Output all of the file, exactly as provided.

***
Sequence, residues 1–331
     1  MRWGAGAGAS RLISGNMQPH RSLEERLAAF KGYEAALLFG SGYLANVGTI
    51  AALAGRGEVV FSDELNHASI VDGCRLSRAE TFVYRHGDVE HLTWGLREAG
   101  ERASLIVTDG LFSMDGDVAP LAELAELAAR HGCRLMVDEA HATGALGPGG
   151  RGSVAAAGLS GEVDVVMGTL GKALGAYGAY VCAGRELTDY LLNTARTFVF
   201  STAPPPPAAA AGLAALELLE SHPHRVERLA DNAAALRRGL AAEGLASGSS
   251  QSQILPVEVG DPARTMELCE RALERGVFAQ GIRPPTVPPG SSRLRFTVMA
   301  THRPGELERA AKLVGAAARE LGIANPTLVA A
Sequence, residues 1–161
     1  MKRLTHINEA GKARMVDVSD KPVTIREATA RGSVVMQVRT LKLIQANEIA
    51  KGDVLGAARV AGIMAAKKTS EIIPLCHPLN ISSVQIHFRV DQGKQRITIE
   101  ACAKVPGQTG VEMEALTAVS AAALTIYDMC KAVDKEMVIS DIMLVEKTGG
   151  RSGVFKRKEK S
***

Sequence, residues 1–331
     1  MRWGAGAGAS RLISGNMQPH RSLEERLAAF KGYEAALLFG SGYLANVGTI
    51  AALAGRGEVV FSDELNHASI VDGCRLSRAE TFVYRHGDVE HLTWGLREAG
   101  ERASLIVTDG LFSMDGDVAP LAELAELAAR HGCRLMVDEA HATGALGPGG
   151  RGSVAAAGLS GEVDVVMGTL GKALGAYGAY VCAGRELTDY LLNTARTFVF
   201  STAPPPPAAA AGLAALELLE SHPHRVERLA DNAAALRRGL AAEGLASGSS
   251  QSQILPVEVG DPARTMELCE RALERGVFAQ GIRPPTVPPG SSRLRFTVMA
   301  THRPGELERA AKLVGAAARE LGIANPTLVA A
Sequence, residues 1–161
     1  MKRLTHINEA GKARMVDVSD KPVTIREATA RGSVVMQVRT LKLIQANEIA
    51  KGDVLGAARV AGIMAAKKTS EIIPLCHPLN ISSVQIHFRV DQGKQRITIE
   101  ACAKVPGQTG VEMEALTAVS AAALTIYDMC KAVDKEMVIS DIMLVEKTGG
   151  RSGVFKRKEK S